It’s that time of year when budding plants and seed catalogs entice you to plan for the upcoming gardening season. While it’s easy to get excited about growing heirloom tomatoes and purple potatoes, don’t forget to include soil building on your to-do list. Healthy soil cleans and stores water, recycles nutrients, is home to myriad beneficial organisms, and is the Earth’s natural planting mix.
Apply the Natural Resources Conservation Service’s four soil health principles to maximize the soil’s beneficial services as you prepare beds and rotate crops.
- Use compost, mulch or cover crops to keep the soil surface covered at all times. This prevents erosion and compaction caused by Willamette Valley weather. Protect the soil surface to prevent erosion that occurs when raindrops or wind dislodge soil particles and move them down slope, into waterways, or up into the air. Raindrops can pound bare soil and decrease valuable air space.
- A diversity of plants above ground benefits belowground diversity. The use of cover crops and crop rotations helps keep the large variety of soil dwellers alive and active. It takes a broad array of organic matter inputs or “flavors” to sustain the fantastic scope of biological creatures that inhabit the soil and are important contributors to plant health and water retention.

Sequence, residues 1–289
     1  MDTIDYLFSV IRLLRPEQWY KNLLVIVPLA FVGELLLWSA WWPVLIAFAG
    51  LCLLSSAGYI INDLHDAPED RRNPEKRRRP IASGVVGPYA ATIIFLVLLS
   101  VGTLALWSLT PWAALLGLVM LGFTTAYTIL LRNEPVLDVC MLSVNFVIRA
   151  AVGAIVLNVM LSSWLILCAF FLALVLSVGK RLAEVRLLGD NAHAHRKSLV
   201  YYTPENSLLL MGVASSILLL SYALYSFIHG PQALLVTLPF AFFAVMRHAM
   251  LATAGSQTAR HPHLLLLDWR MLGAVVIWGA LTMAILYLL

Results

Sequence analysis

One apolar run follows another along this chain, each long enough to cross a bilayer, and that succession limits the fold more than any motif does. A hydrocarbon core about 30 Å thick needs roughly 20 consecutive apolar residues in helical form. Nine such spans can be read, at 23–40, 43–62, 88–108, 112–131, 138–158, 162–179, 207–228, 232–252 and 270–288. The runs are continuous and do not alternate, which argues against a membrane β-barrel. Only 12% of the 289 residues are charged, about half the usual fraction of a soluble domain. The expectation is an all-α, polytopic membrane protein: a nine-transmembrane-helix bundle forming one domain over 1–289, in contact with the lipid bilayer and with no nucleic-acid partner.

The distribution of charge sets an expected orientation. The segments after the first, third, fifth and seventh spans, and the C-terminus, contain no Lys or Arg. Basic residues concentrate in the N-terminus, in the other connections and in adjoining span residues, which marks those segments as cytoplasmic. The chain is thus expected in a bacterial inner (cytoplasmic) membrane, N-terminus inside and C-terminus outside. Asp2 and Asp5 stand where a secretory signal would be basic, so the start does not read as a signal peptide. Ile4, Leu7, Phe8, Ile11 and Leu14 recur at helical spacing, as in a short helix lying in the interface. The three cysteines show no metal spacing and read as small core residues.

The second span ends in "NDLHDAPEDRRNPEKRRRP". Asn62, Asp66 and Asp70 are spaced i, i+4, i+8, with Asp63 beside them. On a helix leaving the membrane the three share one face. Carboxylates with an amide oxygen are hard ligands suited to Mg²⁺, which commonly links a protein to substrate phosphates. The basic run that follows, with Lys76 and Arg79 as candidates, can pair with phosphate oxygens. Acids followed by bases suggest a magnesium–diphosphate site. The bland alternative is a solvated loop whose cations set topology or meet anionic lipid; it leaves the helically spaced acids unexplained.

- Reduce soil disturbance. The plow is an iconic symbol of our agrarian ancestry. Let the truth be known, while tillage and digging are good for creating fine seed beds, more is not better. Soil disturbance breaks up valuable soil structure; destroys pores where nutrients and water are moved and stored; and encourages accelerated decomposition of valuable organic matter. Find the mindful balance between your practice of ancestral traditions and respect for soil biological processes; work the soil as little as possible.
- Keep living roots in the ground. The rhizosphere, or area around plant roots, is the epicenter of the underground microbial activity. Plant roots excrete substances into surrounding soil to create a welcoming environment preferred by nutrient-cycling bacteria. Keep plants growing year-round to sustain these itsy-bitsy exchange zones where bugs and plants unconsciously set the stage for humans’ food and fiber resources.
As you prepare your garden beds for cultivation this year, place soil maintenance at the top of your list, because healthy soil is the foundation of a productive garden.
For in-depth garden soil information, check out this informative Washington State University publication, A Home Gardener’s Guide to Soils and Fertilizers.